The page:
Who Should Get the HPV Vaccination and Why

little girl smiles at her mom after getting a vaccination

HPV stands for human papillomavirus. There are more than 150 types of HPV, and HPV infection is very common. Most of the time, infection with HPV doesn’t cause health problems and just goes away on its own. People usually don’t even know they have it. But in some cases, HPV doesn’t go away. When that happens, some types of HPV can cause genital warts, while other types can lead to cancer.

Vaccinations can protect people from getting the types of HPV that most often cause genital warts and cancer. The vaccinations work best when given to people when they’re young. Girls and boys should ideally begin getting the vaccine series at age 11 or 12.

Who should get the vaccine?

The American Cancer Society recommends that girls and boys begin getting the vaccine series at age 11 or 12. The vaccine causes a better immune response at this age than during the teenage years. Children are also likely still seeing their doctor regularly and getting other vaccinations at this age.

For the HPV vaccine to work best, it is also important to get it before coming into contact with the virus. That’s why the vaccine is recommended for children before they grow up and become sexually active. The vaccination series can be started as early as age 9.

For those who did not get vaccinated at ages 11-12, or who did not complete the series, the recommendation is that females ages 13-26 and males ages 13-21 be vaccinated. Men can also get the vaccination up to age 26. However, the vaccine is not as effective in lowering cancer risk in men or women after age 21.

How do people get HPV?

HPV gets passed from one person to another during skin-to-skin contact with an infected part of the body. It can be spread through sexual contact. You cannot get HPV from toilet seats, swimming pools, or sharing food. But almost everyone who is not vaccinated will get HPV at some time in their lives.

Vaccinating your child against HPV protects them from getting infected with HPV when they’re older. Even if someone waits until marriage to have sex, they could still get infected with HPV from their spouse. And getting the vaccine does not lead to changes in sexual behavior. Studies show young people who get the vaccine do not start having sex any earlier than those who did not get the vaccine.

How many people get cancer because of HPV?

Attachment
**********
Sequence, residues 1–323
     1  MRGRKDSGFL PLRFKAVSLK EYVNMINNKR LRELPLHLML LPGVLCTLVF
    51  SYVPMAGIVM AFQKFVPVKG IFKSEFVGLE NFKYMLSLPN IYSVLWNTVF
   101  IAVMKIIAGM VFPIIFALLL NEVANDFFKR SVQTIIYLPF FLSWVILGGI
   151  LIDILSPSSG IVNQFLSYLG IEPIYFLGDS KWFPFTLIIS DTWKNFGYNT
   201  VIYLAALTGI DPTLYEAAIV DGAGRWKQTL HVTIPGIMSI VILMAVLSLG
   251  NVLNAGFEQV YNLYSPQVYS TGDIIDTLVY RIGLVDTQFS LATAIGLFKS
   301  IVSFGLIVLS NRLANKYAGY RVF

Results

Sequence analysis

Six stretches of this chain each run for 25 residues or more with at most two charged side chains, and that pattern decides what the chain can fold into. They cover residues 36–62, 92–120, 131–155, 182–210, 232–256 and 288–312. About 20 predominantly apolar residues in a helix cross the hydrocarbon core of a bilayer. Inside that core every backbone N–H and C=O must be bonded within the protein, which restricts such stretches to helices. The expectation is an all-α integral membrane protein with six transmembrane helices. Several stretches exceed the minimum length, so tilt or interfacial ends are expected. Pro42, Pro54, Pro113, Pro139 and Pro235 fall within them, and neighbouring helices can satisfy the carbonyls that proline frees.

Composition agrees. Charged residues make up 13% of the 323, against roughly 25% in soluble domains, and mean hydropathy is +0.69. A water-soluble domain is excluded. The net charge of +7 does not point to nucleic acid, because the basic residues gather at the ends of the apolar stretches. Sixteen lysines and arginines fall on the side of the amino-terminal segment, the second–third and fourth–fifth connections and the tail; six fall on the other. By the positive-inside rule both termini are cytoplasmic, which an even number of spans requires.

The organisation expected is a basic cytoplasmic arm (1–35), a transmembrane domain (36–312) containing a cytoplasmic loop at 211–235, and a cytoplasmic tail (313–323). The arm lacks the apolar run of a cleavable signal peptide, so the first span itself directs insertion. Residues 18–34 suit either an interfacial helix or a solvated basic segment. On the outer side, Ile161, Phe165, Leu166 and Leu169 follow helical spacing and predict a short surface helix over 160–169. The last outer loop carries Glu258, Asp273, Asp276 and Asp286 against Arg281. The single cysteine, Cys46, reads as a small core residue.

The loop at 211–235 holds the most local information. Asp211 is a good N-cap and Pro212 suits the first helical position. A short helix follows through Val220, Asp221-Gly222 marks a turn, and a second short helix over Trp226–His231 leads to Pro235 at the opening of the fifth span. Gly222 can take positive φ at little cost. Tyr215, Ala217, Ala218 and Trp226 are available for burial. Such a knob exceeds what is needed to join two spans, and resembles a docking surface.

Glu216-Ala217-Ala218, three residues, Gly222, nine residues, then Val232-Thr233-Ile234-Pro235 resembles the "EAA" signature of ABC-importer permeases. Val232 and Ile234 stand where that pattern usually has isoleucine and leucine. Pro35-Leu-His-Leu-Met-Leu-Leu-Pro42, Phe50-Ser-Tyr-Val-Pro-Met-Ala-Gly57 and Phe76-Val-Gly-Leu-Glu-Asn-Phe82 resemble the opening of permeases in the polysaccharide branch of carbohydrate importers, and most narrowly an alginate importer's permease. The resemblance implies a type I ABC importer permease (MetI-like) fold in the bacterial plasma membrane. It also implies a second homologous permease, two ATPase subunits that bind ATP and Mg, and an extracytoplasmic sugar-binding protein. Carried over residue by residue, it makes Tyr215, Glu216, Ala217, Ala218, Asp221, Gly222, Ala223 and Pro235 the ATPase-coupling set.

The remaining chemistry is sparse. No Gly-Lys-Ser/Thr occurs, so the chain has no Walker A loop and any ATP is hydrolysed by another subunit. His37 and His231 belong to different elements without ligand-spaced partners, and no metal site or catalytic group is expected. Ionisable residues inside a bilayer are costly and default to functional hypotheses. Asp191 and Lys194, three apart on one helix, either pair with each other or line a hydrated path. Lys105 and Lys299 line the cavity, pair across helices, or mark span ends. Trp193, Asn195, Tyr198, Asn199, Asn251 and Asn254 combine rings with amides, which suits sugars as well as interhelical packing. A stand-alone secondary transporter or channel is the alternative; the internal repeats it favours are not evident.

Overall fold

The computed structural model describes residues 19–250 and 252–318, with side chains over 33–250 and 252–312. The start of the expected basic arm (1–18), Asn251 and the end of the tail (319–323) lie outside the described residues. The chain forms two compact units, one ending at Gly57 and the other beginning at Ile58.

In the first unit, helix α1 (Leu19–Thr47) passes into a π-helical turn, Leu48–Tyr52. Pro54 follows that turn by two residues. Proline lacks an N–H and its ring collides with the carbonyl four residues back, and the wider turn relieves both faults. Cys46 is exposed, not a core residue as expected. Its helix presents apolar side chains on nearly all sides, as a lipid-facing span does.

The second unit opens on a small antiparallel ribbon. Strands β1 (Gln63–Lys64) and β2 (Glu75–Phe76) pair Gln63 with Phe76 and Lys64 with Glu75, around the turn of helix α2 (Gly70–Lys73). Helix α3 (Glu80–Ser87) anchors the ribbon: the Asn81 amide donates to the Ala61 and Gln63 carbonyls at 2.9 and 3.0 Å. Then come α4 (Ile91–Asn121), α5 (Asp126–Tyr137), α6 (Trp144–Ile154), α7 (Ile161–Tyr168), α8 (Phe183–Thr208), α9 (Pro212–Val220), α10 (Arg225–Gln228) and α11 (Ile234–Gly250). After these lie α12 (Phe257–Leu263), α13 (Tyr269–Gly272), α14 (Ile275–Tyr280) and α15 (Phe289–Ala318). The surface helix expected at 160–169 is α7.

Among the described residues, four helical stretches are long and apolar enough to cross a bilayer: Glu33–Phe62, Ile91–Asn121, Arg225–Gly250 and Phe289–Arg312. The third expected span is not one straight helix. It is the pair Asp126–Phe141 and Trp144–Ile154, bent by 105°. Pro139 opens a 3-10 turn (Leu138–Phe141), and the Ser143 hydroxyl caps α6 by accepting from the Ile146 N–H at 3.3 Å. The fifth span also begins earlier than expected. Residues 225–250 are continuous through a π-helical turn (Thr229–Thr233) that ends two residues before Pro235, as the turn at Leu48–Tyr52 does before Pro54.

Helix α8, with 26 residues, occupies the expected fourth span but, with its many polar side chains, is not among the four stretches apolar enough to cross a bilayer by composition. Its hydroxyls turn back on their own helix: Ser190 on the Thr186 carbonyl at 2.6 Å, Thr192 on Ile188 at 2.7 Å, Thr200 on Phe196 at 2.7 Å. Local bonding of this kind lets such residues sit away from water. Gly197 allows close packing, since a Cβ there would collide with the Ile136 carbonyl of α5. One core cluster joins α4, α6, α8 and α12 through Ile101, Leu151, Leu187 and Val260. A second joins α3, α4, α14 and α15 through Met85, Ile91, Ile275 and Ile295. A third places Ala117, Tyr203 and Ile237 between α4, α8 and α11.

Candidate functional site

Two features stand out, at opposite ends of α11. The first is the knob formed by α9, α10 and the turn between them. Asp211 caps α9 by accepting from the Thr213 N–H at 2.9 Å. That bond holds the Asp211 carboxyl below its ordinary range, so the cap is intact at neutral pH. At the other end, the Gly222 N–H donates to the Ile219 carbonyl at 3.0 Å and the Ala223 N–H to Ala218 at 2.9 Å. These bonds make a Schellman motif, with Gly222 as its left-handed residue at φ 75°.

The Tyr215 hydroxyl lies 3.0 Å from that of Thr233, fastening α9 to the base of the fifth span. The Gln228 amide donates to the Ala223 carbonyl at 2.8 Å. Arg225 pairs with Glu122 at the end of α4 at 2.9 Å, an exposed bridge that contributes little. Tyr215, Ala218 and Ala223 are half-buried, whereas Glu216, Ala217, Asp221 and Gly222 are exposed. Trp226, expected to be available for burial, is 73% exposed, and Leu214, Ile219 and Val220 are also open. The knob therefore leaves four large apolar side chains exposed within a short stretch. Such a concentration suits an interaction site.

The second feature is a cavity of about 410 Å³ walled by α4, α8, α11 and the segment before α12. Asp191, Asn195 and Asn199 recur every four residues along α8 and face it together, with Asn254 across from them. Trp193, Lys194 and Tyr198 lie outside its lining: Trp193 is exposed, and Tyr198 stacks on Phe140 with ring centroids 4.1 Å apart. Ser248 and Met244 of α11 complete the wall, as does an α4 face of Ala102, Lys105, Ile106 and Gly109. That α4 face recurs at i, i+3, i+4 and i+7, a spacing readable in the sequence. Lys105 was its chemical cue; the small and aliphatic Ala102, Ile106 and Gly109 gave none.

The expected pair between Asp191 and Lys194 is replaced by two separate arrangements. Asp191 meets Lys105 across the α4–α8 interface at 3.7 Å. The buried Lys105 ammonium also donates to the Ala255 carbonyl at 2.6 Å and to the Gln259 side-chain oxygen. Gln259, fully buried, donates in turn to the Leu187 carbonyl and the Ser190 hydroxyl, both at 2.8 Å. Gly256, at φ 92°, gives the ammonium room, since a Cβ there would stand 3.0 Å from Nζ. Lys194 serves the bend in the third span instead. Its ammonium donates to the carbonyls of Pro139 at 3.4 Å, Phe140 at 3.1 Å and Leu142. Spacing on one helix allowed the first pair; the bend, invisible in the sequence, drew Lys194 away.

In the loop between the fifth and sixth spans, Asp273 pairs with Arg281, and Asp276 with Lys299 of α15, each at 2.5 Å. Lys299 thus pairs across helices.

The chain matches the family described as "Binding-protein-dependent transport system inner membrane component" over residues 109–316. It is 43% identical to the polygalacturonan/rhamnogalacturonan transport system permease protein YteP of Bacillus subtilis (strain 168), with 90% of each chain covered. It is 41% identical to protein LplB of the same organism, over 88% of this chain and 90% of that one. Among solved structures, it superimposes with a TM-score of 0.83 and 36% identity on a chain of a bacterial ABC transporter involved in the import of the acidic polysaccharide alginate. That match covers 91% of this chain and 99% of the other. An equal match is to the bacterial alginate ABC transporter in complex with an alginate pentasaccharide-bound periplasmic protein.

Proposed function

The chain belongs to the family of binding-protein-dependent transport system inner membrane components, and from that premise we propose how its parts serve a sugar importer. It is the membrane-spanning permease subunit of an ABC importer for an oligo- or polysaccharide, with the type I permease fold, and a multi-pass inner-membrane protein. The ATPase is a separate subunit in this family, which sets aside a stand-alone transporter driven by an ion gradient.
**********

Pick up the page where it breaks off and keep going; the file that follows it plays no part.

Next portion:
According to the Centers for Disease Control and Prevention, HPV causes about 31,500 new cases of cancer every year in the US. Almost all cervical cancer is caused by HPV. The virus has also been linked to cancers of the vulva, vagina, penis, anus, and throat.

And the problem seems to be growing among men. A study published in Annals of Internal Medicine found that more men are becoming infected with an oral type of HPV infection that can cause throat and tongue cancers. According to the report, men are now getting HPV-related oral cancers at a faster rate than women are getting HPV-related cervical cancers. The researchers say this trend is expected to continue and not reverse until after the year 2060.

Is the vaccine safe?

Yes. More than 80 million doses of the HPV vaccine have been given in the US with no serious problems. Some people have temporary side effects when they get the vaccine such as dizziness, nausea, pain, redness, or swelling. And in rare cases, a person may have an allergic reaction to certain vaccines if they’re allergic to yeast or latex.

Some parents are worried about vaccine ingredients, one being aluminum. There is aluminum in the HPV vaccine, but it’s a safe amount. Aluminum-containing vaccines have been used for years and in more than 1 billion people. In fact, we come in contact with aluminum every day. It’s in foods we eat, water, and even breast milk. Every day, babies, children, and adults come into contact with more aluminum than what’s in the vaccine.

Some parents are worried that the vaccine could cause fertility problems (problems having children). However, research has not shown that HPV vaccines cause any fertility problems. In fact, by preventing cervical cancer, the vaccine can help protect women from fertility problems caused by cervical cancer treatment. 

The American Cancer Society medical and editorial content team
Our team is made up of doctors and master's-prepared nurses with deep knowledge of cancer care as well as journalists, editors, and translators with extensive experience in medical writing.


American Cancer Society news stories are copyrighted material and are not intended to be used as press releases. For reprint requests, please see our Content Usage Policy.